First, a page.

Laténium, parc et musée d’archéologie

500 centuries of local history in the heart of Europe: this is the theme of the permanent exhibition at the Laténium. You are taken – step by step – through the different stages of human evolution, from the present day back to the times of the Neanderthal man.

Plan d'eau dans le parc archéologique

© Marc Juillard, Laténium


The Laténium hosts over 525,000 objects — mainly regional archaeological findings covering an uninterrupted period from the Middle Palaeolithic to Modern Times and including numerous reference assemblages on a national or international scale. 3,000 of these half a million pieces were selected to be exhibited in the showcases of the permanent exhibition. The main series are preserved in the “accessible archive” in which almost 20,000 objects are arranged on mobile glass shelves for researchers and students. This space in constant evolution is regularly open to the public on the occasion of special events.

photo © Laténium, Marc Juillard




The abundance and the value of these collections show the intensity of the investigations carried out in the region. Many, often foreign-born, scholars from Neuchâtel have contributed to the methodological achievements of archaeology — as is shown notably by the foundation of the International Congress of Prehistory in Neuchâtel in 1866. Moreover, the strong social and cultural valorisation of archaeology in the canton of Neuchâtel enabled very early public awareness with regard to the requirements of heritage protection and thus encouraged private individuals to report on and to give to the museum countless discoveries. The long-term involvement of amateurs thus made it possible to ensure the remarkable representativeness of the collections at the Laténium.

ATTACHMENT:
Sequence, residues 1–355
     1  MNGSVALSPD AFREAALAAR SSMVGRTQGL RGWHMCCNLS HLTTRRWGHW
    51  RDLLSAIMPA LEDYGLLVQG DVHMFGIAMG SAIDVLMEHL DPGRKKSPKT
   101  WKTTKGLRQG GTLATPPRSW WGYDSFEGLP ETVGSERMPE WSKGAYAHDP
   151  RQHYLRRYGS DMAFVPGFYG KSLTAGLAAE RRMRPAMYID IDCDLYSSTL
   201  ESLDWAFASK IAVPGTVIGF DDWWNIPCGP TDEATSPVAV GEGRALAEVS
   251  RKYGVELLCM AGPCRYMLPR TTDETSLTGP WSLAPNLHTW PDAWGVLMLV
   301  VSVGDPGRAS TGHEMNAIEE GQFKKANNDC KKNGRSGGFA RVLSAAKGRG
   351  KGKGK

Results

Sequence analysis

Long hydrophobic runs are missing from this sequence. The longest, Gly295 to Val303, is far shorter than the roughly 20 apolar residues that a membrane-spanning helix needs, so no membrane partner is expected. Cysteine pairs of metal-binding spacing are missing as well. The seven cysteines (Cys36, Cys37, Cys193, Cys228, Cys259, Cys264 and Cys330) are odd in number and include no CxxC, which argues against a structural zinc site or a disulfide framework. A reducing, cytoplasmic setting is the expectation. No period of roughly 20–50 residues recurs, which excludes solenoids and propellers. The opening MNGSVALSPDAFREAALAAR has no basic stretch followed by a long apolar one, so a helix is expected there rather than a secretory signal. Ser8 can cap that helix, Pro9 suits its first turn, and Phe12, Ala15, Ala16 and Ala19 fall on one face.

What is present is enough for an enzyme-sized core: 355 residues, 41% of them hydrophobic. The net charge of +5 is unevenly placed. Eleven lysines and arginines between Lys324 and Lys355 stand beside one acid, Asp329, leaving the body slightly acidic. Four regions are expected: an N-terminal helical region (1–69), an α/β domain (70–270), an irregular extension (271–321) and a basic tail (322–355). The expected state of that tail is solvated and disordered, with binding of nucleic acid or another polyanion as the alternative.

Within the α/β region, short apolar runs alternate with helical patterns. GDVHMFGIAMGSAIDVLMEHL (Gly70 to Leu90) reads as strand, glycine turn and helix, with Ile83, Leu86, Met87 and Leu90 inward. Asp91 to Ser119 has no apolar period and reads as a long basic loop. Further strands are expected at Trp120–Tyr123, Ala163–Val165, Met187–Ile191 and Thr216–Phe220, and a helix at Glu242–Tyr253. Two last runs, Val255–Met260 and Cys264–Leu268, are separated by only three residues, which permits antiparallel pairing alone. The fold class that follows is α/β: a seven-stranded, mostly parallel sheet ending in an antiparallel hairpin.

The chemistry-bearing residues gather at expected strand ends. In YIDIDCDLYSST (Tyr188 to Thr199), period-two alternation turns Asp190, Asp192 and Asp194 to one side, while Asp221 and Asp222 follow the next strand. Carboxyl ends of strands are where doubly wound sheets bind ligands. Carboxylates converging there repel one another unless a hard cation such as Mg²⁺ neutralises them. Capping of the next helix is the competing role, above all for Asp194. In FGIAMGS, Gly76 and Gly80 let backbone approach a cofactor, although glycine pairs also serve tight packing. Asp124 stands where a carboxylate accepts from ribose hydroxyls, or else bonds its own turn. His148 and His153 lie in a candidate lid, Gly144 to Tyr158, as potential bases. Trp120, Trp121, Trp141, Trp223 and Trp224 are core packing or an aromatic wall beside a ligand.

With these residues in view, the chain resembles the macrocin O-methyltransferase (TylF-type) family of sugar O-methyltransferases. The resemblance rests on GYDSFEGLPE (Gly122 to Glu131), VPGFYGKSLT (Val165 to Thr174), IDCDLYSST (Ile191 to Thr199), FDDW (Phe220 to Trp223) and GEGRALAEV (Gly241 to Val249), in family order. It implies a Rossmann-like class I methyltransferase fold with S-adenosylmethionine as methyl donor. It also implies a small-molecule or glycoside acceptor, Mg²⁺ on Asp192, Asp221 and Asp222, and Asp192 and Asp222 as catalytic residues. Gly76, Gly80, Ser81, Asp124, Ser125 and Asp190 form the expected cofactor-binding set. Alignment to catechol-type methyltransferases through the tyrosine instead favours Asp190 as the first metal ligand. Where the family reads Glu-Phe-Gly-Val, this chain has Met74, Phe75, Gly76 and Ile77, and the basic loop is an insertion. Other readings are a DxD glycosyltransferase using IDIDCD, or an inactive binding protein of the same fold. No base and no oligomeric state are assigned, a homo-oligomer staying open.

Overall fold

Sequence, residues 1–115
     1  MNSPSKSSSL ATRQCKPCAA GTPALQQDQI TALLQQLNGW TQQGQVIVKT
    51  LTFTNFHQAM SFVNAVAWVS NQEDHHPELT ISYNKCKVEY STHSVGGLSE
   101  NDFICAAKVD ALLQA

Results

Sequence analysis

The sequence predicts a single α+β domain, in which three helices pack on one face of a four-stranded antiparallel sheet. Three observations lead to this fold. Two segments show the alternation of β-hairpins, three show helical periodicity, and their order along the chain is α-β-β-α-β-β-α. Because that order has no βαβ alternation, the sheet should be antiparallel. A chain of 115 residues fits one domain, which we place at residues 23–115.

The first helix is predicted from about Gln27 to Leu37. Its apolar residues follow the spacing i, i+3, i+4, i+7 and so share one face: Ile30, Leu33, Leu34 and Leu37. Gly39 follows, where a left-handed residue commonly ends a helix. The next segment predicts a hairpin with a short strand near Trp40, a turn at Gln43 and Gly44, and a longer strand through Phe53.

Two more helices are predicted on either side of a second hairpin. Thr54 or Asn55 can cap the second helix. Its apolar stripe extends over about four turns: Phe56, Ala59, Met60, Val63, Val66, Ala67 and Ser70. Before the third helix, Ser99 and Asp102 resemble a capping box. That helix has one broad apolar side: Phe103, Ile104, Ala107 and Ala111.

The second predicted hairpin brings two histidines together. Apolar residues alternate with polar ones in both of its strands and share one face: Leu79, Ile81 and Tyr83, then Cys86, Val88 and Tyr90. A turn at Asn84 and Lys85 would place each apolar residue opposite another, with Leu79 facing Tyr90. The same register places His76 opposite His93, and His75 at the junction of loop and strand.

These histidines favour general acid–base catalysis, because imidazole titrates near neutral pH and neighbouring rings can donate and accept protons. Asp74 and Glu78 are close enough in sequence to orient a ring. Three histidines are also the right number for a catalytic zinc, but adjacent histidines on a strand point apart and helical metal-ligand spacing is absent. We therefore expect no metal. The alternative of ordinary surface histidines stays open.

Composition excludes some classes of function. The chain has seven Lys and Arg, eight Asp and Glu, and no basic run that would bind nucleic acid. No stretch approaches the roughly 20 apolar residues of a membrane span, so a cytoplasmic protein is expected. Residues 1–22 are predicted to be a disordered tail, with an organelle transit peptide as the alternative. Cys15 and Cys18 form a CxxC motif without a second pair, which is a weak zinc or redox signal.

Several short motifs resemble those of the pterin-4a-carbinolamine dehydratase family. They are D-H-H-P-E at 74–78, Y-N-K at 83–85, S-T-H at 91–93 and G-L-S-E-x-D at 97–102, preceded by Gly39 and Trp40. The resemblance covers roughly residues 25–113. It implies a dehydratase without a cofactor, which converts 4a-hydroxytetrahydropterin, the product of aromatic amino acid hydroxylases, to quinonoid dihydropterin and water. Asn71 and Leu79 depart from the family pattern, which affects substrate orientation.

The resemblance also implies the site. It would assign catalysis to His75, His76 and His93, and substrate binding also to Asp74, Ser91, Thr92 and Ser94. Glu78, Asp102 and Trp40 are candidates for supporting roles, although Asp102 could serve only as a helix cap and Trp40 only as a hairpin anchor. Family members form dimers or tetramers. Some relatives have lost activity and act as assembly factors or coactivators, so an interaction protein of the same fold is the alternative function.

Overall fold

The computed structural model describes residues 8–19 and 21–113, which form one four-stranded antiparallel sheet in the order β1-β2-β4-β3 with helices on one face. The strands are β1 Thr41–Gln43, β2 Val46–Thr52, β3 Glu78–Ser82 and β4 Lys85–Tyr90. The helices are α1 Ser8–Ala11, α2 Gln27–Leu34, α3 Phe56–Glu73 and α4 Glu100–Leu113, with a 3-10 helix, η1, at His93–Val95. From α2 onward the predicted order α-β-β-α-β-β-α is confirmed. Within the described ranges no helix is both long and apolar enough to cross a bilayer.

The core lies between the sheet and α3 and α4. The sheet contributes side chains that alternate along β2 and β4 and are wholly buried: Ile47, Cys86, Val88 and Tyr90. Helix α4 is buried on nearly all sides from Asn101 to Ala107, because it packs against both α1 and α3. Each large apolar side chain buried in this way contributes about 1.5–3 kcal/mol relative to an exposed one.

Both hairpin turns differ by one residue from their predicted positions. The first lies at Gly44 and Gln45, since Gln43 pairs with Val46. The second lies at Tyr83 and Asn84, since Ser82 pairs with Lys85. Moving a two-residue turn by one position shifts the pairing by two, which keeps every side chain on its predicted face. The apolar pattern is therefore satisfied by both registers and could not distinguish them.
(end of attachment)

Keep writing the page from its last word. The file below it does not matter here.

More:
photo © Laténium, Marc Juillard

Prehistoric sites as a reference

From a historical perspective the rise of regional archaeology was triggered by the “lake-dwelling fever” that marked Switzerland in the second half of the 19th century, the effects of which were strengthened by the “Jura Water Correction” (1868-1879). This artificial lowering of the water levels of the lakes of Neuchâtel, Biel and Murten by 3 m indeed prompted increasing numbers of surveys and explorations of the newly exposed shores. At the beginning of the 20th century, archaeological research carried out in Neuchâtel was particularly distinguished by the systematic and exhaustive excavation of the famous La Tène site (1907-1917), as well as by the scientific exploration of the Mousterian cave of Cotencher (1916-1918), which is the main reference site for the Neanderthal period in Switzerland.

photo © Laténium, Quentin Bacchus

from excavation to museum

Inaugurated on 7th September 2001, the Laténium is therefore the achievement of several decades of intensive archaeological research carried out in the canton of Neuchâtel. Acclaimed by the people of Neuchâtel during a referendum in 1996 this museum of international scope succeeded the former Musée cantonal d’archéologie, founded in 1962, subsequent to the ‘cantonalisation’ of the archaeological collections of the Musée de Neuchâtel, which were established progressively as early as the beginning of the 19th century. The collections of the Laténium are constantly enriched by the results of archaeological excavations carried out in the canton of Neuchâtel.

photo © Laténium, Marc Juillard